6 are deployed, or as the need for data sharing and exchange between agencies progresses, each project should contain an analysis for detailed communications planning and design. 1.2 Involved Agencies The Steering Committee for the Topeka-Shawnee County Regional ITS Architecture includes representatives from the Metropolitan Topeka Planning Organization (MTPO), Federal Highway Administration (FHWA), Federal Transit Administration (FTA), Kansas Department of Transportation (KDOT), Topeka Metropolitan Transit Authority (TMTA), Shawnee County, and the City of Topeka. The Topeka-Shawnee County Regional ITS Architecture will encompass all major communities and interested organizations within Shawnee County. Figure 1.1 provides a map of the Topeka-Shawnee County project study area. Figure 1.1: Study Area for the Topeka-Shawnee County Regional ITS Architecture From a communication needs stand point, these Stakeholders could be grouped into the following categories: 1. Stakeholders with traffic management, emergency operations or maintenance systems that will transmit and receive information through the communications network on a continuous basis Iteris, Inc. 2

7 2. Stakeholders that will transmit information to other Stakeholders only 3. Stakeholders that will receive information from other Stakeholders only 4. Stakeholders that will not transmit or receive information from other Stakeholders For the Topeka-Shawnee County Regional ITS Architecture project, the communication needs for the project Stakeholders are summarized in Table 1.1. Table 1.1: Communication Sharing Needs for Stakeholders Transmit & Receive 1. City of Topeka (Traffic Operations TMC) 2. Shawnee County 911 Dispatch Center 3. KDOT-VTOC (Topeka Office) 4. City of Topeka (Transportation Operations Maintenance Operations) 5. Shawnee County Emergency Management Center Receive Only 1. Shawnee County Public Works 2. City of Topeka (Traffic Engineering) 3. City of Topeka Fire Department 4. Shawnee County Sheriff s Office 5. Topeka Metropolitan Transit Authority 6. Kansas Highway Patrol 7. Metropolitan Topeka Airport Authority 8. Washburn University 9. American Medical Response 10. St. Francis Health Center 11. Stormont-Vail Healthcare 12. Rural/Special Fire Departments 13. Public School Districts Transmit Only No Sharing 1. City of Topeka Police Department 2. Kansas Turnpike Authority 3. City of Topeka Public Works Call Center Iteris, Inc. 3

8 2.0 EXISTING AND PLANNED ITS AND COMMUNICATIONS RESOURCES The following sections describe existing communication resources in the area and the planned communications to be implemented shortly. 2.1 City of Topeka Traffic Signal System The City of Topeka maintains and operates approximately 182 traffic signals with 90 of these signals interconnected through fiber optic cable and operating in coordinated patterns during peak periods. The City utilizes PYRAMIDS traffic signal software system, by Econolite, to operate the 90 signals that are on-line. The PYRAMIDS workstation is located at the Topeka TMC, presented in Figure 2.1, located at 927 NW Harrison. Figure 2.1: City of Topeka Traffic Management Center Most of the City s traffic signal controllers are Type 170E, operate Wapiti controller firmware, and utilize the serial data port for communications. To date, the City has installed ten (10) Model 2070 traffic signal controllers, by Econolite, that operate OASIS controller software. The City s signalized intersections are illustrated in Figure 2.2. The City also maintains nine (9) traffic signals, one (1) school flasher for Shawnee County and two (2) KDOT signalized intersections in the Topeka-Shawnee County Region. The County and KDOT signalized intersections are also illustrated in Figure 2.2. Iteris, Inc. 4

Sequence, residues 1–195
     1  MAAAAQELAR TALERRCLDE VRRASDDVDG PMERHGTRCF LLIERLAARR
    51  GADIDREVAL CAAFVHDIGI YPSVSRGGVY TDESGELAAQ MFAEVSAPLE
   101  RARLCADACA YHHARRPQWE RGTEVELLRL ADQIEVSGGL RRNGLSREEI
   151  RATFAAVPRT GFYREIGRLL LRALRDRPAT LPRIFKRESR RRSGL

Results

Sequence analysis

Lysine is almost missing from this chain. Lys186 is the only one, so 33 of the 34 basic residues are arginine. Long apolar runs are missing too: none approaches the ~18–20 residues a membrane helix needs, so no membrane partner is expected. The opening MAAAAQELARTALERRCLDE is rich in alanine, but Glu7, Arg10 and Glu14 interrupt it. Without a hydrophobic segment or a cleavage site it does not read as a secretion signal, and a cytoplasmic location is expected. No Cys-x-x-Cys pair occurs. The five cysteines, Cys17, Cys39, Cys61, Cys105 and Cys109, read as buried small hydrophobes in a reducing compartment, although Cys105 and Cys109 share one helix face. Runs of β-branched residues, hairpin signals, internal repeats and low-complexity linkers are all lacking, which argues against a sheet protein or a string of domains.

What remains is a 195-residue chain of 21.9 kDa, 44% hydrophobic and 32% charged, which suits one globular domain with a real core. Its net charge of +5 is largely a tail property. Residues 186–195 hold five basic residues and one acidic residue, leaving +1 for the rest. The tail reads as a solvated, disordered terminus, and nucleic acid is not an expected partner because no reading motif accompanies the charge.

9 Figure 2.2: Topeka-Shawnee County Region Signalized Intersections Iteris, Inc. 5

10 Some of the major arterial corridors where a majority of the signalized intersections are located are noted below and illustrated in Figure 2.2. Wanamaker Road Topeka Boulevard Washburn Avenue 6 th Avenue 10 th Avenue 21 st Street The City is planning to upgrade all traffic signal controllers to Model 2070 controllers at a rate of 6 controllers per year. Currently, the City utilizes the serial data port for communications with the 2070 controllers, with the ultimate goal to utilize Ethernet communications. The current Model 2070 controllers are equipped with only a serial port. It is recommended that future Model 2070 controllers be equipped with both a serial and an Ethernet port as a cost savings measure versus a future upgrade to the Model 2070 controllers to install the Ethernet port. The City has a total of 52 intersections that use complete or partial video detection, as noted below. Peek Video Trak at 15 intersections to operate the full intersection Econolite Autoscope Solo Pro at 25 intersections to operate the full intersection Econolite Rack Vision hardware at 12 intersections to control one or more legs of an intersection but not the entire intersection Their current specification for video detection hardware is Econolite Autoscope equipment and they are in the middle of a program to remove all of the Peek Video Trak installations. The City uses Opticom Priority Control Systems, by 3M, for emergency vehicle signal preemption at two locations. Video Surveillance System The City of Topeka currently has two CCTV cameras installed and operational with one more planned, at the locations listed below: I-70 & Wanamaker 21 st & Wanamaker I-470 & Wanamaker (planned) The CCTV cameras are Vicon dome CCTV cameras that currently transmit analog video but are Internet Protocol (IP) upgradeable. The analog video is converted to IP video prior to transmission to the Topeka TMC and camera control is integrated into the PYRAMIDS traffic signal software system. The City, in association with KDOT, has plans to implement 14 additional CCTV cameras in Most of the cameras will be located at freeway interchanges in the Topeka Area and will be shared City/KDOT cameras. Iteris, Inc. 6